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Tuesday, February 24, 2015

Day 2 of the Florida Lean Tour

Lean is everywhere!  The Homewood Suite where the tours participants are staying in Jacksonville has a huddle board!  Sometimes, if you look for it - you will find Lean everywhere.  Even before we left the hotel - while chatting to the reception clerk, I happens to glance around the corner and through an open office door.  There it was! The Homewood Suites huddle board. One of the simplest, yet incredibly powerful Lean tools. A way to "work out loud". A way to engage the team. A way for everyone to be accountable.  Nicely done Homewood!  And speaking of engaging the teams!  We had a lovely attendant named Ivy taking care of us this morning while we were getting breakfast.  Ivy, a retired nurse, loves her work, and loves people.  She would come around to all of the tables and personally welcome us, tell us not just her name, but also why she loves her job and all about her life, why she feels blessed to work with people every day, and all about her background.  Being a retired nurse, she knows a lot about nutrition.  And she made a point of telling everyone they should be sure to have a banana before leaving for the day.  She was sweet, compassionate, and engaged.  And she certainly didn’t seem at all like a 66 year old.  Maybe a 16 year old!!! The power of being positive!! 

First stop on the tour today: Grainger 

After yesterday's incredible tours of vastly different scales of Lean implementation, the group is looking forward to seeing Lean in action again today.  There is a sense that everyone is even more prepare and charged up with questions for our hosts today.  


And we were not disappointed.  We were met by Brad Lyght, Director of Distribution.  Grainger's Jacksonville (JAX-DC) is a large industrial supply distribution center employing approximately 140 people.  They receive, stock and ship over 117,000 product SKU's.  They process over 9,000 outbound line items a day.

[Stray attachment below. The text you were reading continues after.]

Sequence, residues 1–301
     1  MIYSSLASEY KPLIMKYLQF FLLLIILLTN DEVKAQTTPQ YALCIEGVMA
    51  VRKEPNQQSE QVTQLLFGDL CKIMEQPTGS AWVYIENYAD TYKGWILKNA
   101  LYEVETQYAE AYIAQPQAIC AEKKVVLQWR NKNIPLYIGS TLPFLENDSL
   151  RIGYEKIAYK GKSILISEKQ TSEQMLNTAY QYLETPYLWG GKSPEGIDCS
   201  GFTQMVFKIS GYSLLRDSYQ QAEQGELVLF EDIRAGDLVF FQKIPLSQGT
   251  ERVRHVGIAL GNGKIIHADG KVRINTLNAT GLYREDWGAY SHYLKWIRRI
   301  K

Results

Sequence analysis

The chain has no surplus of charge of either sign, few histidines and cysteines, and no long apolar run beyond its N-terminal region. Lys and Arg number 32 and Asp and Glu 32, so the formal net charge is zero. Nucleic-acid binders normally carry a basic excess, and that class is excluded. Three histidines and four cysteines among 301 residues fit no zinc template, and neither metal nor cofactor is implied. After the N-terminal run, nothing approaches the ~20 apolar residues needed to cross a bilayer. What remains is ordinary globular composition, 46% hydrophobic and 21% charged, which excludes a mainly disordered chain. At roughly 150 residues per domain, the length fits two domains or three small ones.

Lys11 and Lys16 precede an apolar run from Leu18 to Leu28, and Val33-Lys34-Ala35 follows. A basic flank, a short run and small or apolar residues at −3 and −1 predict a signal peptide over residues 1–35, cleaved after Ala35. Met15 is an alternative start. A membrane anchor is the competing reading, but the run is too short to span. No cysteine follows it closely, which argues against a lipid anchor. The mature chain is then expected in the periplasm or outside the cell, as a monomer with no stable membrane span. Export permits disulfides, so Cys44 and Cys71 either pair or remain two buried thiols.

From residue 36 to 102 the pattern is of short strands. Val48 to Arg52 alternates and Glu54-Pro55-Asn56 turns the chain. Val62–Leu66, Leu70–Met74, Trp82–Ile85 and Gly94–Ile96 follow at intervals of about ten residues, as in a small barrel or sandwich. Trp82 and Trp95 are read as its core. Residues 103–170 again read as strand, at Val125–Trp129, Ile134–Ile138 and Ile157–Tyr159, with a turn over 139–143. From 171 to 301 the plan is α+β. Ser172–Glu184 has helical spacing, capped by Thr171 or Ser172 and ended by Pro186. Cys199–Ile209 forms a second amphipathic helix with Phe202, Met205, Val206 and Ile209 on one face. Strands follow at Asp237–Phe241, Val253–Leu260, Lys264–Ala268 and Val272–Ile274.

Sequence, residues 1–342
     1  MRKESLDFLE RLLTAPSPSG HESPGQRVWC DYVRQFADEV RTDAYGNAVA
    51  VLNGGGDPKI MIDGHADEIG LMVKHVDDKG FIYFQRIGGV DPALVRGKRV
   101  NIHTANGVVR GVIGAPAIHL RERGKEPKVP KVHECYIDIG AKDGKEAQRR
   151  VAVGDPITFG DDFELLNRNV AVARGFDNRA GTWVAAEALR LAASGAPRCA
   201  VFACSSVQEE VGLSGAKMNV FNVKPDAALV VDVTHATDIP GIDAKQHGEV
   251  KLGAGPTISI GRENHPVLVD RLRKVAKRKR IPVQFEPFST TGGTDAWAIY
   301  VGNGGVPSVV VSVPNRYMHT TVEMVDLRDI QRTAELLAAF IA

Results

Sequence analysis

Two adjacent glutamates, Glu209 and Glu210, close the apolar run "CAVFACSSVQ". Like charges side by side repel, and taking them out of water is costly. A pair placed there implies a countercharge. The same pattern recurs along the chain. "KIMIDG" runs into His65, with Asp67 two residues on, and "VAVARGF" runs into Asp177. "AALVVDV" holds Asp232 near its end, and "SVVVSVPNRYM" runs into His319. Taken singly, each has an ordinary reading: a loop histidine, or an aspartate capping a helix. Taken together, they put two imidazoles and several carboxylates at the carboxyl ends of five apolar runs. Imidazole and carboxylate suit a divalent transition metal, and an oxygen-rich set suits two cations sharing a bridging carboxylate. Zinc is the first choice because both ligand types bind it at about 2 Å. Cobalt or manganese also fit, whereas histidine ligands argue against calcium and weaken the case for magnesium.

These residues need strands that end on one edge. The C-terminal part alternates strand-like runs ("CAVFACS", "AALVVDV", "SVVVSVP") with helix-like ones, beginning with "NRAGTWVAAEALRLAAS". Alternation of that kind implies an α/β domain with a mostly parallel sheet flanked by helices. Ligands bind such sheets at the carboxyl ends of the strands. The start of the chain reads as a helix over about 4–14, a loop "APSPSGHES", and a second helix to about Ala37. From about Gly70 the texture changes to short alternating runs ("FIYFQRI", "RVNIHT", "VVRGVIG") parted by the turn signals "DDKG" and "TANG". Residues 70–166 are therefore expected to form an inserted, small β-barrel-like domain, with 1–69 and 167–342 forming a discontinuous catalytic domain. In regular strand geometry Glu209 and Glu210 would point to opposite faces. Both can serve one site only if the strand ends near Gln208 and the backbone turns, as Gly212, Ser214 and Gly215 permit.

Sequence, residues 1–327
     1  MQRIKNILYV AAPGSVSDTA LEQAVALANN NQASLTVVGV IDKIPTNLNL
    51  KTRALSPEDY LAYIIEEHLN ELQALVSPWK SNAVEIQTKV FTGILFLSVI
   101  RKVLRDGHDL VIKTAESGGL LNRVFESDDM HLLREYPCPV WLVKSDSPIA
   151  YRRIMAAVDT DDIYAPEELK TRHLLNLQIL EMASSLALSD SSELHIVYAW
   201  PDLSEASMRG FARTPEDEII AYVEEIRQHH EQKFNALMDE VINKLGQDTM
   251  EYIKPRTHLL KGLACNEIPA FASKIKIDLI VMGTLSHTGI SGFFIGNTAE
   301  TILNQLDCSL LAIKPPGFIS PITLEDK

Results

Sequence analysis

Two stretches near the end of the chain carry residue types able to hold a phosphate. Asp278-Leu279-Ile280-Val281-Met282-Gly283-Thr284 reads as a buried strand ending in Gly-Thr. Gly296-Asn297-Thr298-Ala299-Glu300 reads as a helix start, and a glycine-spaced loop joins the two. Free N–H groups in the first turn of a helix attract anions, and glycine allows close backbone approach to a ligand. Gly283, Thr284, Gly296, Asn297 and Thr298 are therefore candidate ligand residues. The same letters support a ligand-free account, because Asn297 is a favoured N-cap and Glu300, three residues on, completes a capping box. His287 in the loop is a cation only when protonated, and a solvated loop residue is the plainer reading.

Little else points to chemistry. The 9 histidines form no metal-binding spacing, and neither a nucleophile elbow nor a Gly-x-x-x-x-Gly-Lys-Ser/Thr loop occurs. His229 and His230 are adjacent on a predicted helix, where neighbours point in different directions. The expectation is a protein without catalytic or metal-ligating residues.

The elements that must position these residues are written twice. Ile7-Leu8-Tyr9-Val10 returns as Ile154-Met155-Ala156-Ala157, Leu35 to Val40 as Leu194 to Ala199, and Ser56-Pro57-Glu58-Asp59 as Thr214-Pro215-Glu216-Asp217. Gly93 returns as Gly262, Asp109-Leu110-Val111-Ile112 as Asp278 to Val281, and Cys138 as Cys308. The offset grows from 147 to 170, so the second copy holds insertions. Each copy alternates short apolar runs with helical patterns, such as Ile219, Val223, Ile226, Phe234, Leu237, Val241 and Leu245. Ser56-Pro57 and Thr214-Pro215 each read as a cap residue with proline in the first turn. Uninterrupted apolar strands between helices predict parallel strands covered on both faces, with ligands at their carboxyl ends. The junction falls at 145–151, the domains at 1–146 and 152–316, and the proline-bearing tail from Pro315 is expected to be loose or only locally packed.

The tour started with Brad sharing some of Grainger's continuous improvement and corporate culture, as well as some samples of some Lean artifacts they use daily.  We then went to the Gemba where we saw great examples of visual management.  There were leader standard work boards that implemented visual controls to easily see when each leader had completed their daily leader standard work. Any team member can go to the board and review the comments and completion of any leader's work. This is a clear demonstration of modeling the behaviors that the leaders were looking for from their teams.

As we toured the floor, from outbound shipping, to inbound receiving, to order picking, and on to packing - we could see where error proofing, elimination of waste, flow and safety design were part of every aspect of their operation.  The visual management and safety cues were everywhere.  One of the most critical roles in the warehouse operation is a role called “Flow Manager”.  This person was responsible for distributing the incoming orders to the order pickers on the floor.  The Flow Manager was looking for leveling opportunities (Heijunka), and ensuring that each order picker had a logical flow through the warehouse so they weren’t doubling back on their route as they completed an order.

While the operation and adoption of Lean philosophy and tools was amazing, Brad acknowledged during the wrap up that Grainger knew it had a long way to go.  They knew there was much still to do.  As he mentioned in the hallway “that’s just the nature of continuous improvement”. 

The second site visit of the day: Medtronic

Medtronic has been on the journey of lean for the past 13 years. Here are some highlights: Lean is woven into the fabric of the company, each EE is involved into the continual improvement. Policy deployment and expectation is clearly defined throughout. Successes are celebrated and visually displayed throughout the facility. Daily communication regardless of value stream manager or floor technician consists of a huddle focused on identifying problems.

Assembly lines and shipping areas are line balanced using heijunka and status of production is visual via computer monitors and andon lights.

Cell based production is set up on kanban, line balanced and each step of production is visually displayed. Cells are also i-pad equipped which also come equipped with SOP's and the ability to track operator competence.

Highly visual, very professional looking documents are present throughout. You can see that Medtronic takes great pride in their product and where they are at in their Lean journey.
Very impressive!!

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